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NFL Appears to Love L.A.

Enthusiasm high as a new stadium seems to be the only real obstacle to an expansion team. But that's easier said than done.

March 25, 1998|T.J. SIMERS

ORLANDO, Fla. — Call it a coincidence, or a symbolic hint of what is to come, but moments after confirming Cleveland as the site for the NFL's 31st team, league owners, coaches and general managers came together for a colossal catered party, their attention fixed on Los Angeles.

Some of sports' biggest names sat mesmerized, gripped by an event taking place only blocks from the Coliseum, reacting with applause and appreciative shouts to Robin Williams' Academy Award selection as if he had just scored the winning touchdown in the Super Bowl.

"Tell you what," one NFL executive said, "if Kim Basinger leads the charge for a football team in Los Angeles, she's got my attention."

It will take money, of course, lots of money to win the NFL's affection, but the lure of Hollywood, the nation's No. 2 media market and potential showtime home of many Super Bowls to come, beckons.

"I think we all feel that we want an NFL team in the second-biggest market again, no question," said Jim Irsay, owner of the Indianapolis Colts. "But the timing has to be right and there's no need to rush it."

The Los Angeles Stars--the NFL's 32nd team--now how does that sound?

When? How does it get done? Who makes it happen? What could stop it?

The biggest roadblock has already fallen. By admitting Cleveland, the NFL put itself in the position of having to expand again to avoid chaotic scheduling with an uneven number of teams.

The 1999 season will begin with one team having to accept a bye and that team's fans having to keep their enthusiasm in check for one more week. As excitement mounts, the season will end with another team--potentially a club in competition for a postseason berth--having to take a bye on the final weekend.

Club officials are grumbling already and the new schedule is a year away from being released.

"I think the odd number of teams is not desirable over a period of time," said Lamar Hunt, owner of the Kansas City Chiefs. "We could probably go for a couple of years, but not much longer."

The NFL said it will try to minimize the disruption by scheduling a warm-weather city with an opening-game bye to keep their fans from having to sweat in the September heat, and will reserve the byes in the last four weeks to the teams that finish fifth in their divisions a year earlier.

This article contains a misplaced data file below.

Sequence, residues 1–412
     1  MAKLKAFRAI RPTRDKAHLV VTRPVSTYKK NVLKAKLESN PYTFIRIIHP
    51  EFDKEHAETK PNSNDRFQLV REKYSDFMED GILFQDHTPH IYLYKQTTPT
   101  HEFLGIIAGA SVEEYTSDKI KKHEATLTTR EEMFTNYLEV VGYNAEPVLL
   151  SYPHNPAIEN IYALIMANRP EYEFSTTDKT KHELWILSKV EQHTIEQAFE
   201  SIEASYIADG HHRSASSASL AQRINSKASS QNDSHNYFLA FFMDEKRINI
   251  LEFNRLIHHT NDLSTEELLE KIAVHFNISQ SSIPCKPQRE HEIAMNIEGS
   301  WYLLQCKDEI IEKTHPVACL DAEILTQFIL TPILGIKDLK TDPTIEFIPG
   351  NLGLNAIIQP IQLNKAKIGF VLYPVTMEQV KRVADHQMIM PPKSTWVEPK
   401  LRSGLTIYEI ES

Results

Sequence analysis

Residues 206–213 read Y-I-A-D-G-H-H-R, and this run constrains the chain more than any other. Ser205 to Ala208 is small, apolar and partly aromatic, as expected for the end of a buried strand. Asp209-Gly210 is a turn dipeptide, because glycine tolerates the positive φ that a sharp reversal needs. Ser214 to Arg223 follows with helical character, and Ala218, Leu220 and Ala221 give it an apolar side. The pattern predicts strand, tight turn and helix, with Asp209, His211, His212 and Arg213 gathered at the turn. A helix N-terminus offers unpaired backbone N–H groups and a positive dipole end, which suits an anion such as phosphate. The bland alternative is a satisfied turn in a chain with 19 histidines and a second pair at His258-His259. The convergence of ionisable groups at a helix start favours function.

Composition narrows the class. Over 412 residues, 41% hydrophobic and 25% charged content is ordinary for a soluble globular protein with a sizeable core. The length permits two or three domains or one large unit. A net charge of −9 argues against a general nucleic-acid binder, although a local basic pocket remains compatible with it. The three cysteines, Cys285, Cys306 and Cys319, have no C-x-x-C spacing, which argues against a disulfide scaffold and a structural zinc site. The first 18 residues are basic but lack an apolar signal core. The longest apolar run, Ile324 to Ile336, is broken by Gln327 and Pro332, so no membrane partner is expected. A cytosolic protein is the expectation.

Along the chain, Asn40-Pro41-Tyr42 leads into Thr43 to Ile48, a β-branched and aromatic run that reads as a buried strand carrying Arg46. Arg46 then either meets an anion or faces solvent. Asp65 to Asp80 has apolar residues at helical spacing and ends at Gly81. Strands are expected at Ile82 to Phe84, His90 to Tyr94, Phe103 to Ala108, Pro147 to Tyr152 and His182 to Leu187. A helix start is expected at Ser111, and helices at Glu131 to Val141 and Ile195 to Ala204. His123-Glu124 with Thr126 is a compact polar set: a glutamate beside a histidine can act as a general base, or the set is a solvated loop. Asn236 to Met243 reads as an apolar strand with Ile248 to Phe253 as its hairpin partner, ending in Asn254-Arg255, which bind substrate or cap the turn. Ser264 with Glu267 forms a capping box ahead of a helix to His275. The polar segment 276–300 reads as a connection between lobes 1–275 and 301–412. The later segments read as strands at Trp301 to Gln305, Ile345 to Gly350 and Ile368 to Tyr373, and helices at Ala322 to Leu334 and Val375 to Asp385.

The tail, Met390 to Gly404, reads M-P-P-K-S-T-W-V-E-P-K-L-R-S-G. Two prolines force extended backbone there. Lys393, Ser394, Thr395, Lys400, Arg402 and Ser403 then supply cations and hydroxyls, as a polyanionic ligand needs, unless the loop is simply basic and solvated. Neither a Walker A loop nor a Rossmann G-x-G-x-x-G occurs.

Those concessions last season, however, would have eliminated the dramatic regular-season-ending game between the New York Jets and Detroit Lions, which had the winner, Detroit, advancing to the playoffs and the Jets going home.

The outcry for 32 franchises probably will begin in the final week of the 1999 regular season. The idle team may be unable to cash in on the excitement of a strong finish, and there will be objections from the losers that did not receive the advantage of a restful bye in the final two or three weeks of the season before taking on an opponent in a key struggle.

"We have to go to 32 teams," Charger owner Alex Spanos said.

But if the unbalanced schedule favors Los Angeles' chances to force the expansion issue, Raider owner Al Davis has maintained that nothing will get done in Los Angeles without his permission.

"I do not want to talk about it, but we do own the L.A. opportunity for sure," Davis said.

"The hell he does," Buffalo Bills' owner Ralph Wilson said. "Al Davis is not going to get in the way of a team going to Los Angeles."

Houston, however, has hopes of getting in the way of Los Angeles, but Houston's chances of winning an expansion franchise rest on only one thing: Los Angeles losing that opportunity.

And that could happen because what is happening in Cleveland is going to make it incredibly difficult to reach a successful resolve in Los Angeles. Cleveland has guaranteed a financial windfall for the owner of that franchise, providing a stadium that will be built with public funds and an advance from the NFL. That allows an owner to come in and pay the projected $400-million expansion fee and then recoup that money in stadium revenues from parking, concessions and non-football events in the facility.

In Los Angeles, with public money apparently unavailable, an owner conceivably will have to put out more than $200 million for a stadium and then come up with an expansion fee, which probably will exceed Cleveland's price tag.

The New Coliseum partners have presented a proposal to the NFL that--on a best-case scenario--demands more than $90 million of an owner's contribution with the rest of the nearly $200 million of stadium construction coming from ticket taxes, redevelopment funds, personal-seat licenses and a state entertainment zone that has yet to come to fruition.

Based on the most recent stadium deals struck in Baltimore, St. Louis, Nashville and Cleveland, which put those owners at no financial risk before they moved in, the New Coliseum pitch is a huge step backward for the NFL and will never fly with the league's ownership.

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